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From WHMIS to GHS: How to Get Safety Data Sheets & Supplier Labels from Your Chemical Suppliers


For decades, the Material Safety Data Sheet (MSDS) binder and WHMIS supplier label have been the face of WHMIS compliance. You’ll still need labels and a binder once the new GHS rules take full effect on December 1, 2018. But on that date, the MSDS itself will become extinct to be replaced by the new GHS Safety Data Sheet (SDS); ditto for the WHMIS supplier label.

The employer’s mission: Ensure that you have a complete, proper and up-to-date supplier label and SDS for each controlled product (which will now be referred to as ‘hazardous product’) used, stored or handled in your workplace by December 1. (Note: Between now and the deadline, you can use an MSDS or SDS and an old or new supplier label as explained below.)


Question: Where will you get the new SDS and supplier labels that you need to comply’

Answer: The same place you’ve gotten them in the past’namely, your supplier, i.e., the firm that sells you the hazardous product (unless, of course, you’re among the small number of employers that actually prepare these materials yourself).

WHMIS rules require suppliers to furnish an MSDS/SDS and supplier labels to their customers when they first ship the product and revise the document every three years or within 90 days of discovering new information about the hazardous product or its properties affecting safety (180 days is the deadline for updating supplier labels). Suppliers, too, have to make the transition to the new GHS rules. Timetable:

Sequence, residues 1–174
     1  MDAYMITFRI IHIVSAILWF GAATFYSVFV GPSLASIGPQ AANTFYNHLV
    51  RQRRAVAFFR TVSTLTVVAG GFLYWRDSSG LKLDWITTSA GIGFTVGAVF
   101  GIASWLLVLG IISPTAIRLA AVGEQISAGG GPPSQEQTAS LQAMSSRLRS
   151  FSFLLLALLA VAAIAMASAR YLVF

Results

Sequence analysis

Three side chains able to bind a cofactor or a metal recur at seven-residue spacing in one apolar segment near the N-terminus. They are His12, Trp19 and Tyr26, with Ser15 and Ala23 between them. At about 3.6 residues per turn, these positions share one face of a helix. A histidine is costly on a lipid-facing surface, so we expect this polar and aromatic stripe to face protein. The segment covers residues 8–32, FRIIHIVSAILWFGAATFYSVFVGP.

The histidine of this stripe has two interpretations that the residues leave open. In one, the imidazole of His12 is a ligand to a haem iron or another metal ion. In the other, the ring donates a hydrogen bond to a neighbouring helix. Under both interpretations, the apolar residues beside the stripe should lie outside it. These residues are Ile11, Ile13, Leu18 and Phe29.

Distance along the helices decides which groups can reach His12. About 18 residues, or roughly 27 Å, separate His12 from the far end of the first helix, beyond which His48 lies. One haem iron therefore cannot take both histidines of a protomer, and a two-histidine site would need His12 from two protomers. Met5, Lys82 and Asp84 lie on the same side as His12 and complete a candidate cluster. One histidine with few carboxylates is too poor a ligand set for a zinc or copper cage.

• As of Aug. 31, 2018: Suppliers can provide EITHER an MSDS or SDS and an old or new supplier label as long as it’s up to date, accurate and compliant with respective requirements; BUT
  • Starting Sept. 1, 2018: Suppliers must provide an SDS and GHS supplier label and only an SDS and GHS supplier label.


Ideally, all your suppliers will cooperate and send you all the MSDS/SDS and supplier labels you need when you need them. But if a data sheet or label is missing, out of date, inaccurate or otherwise problematic, you can’t just sit back and wait. You have to ask the supplier to send the MSDS/SDS and/or supplier label you need as soon as possible after discovering the problem. If the supplier doesn’t respond, you may still be able to store the product for a period (usually 3 to 6 months), provided that you have a documented record showing you made reasonable efforts to get the MSDS/SDS and/or label from the supplier.


Here’s what you need to do to make an effective, timely transition from MSDS to SDS and from old WHMIS to new GHS supplier labels:

Step 1: Inventory all the chemicals you use in your workplace and determine if they’re ‘hazardous products’ under federal law. Instructions: Look up a law called the Hazardous Products Act, and scroll down to Schedule 2 on the bottom. Look up, Schedule 2 of the Hazardous Products Act.

Step 2: Ensure that each hazardous product has a proper MSDS or SDS and supplier label listing all the required information for the respective document. Instructions: Use the SDS Checklist to vet SDSs; use the OHSI Supplier Label Comparison Chart to identify the differences between old WHMIS and new GHS labels; use the GHS Supplier Label Checklist and GHS Pictograms graphic vet new supplier labels and ensure they comply.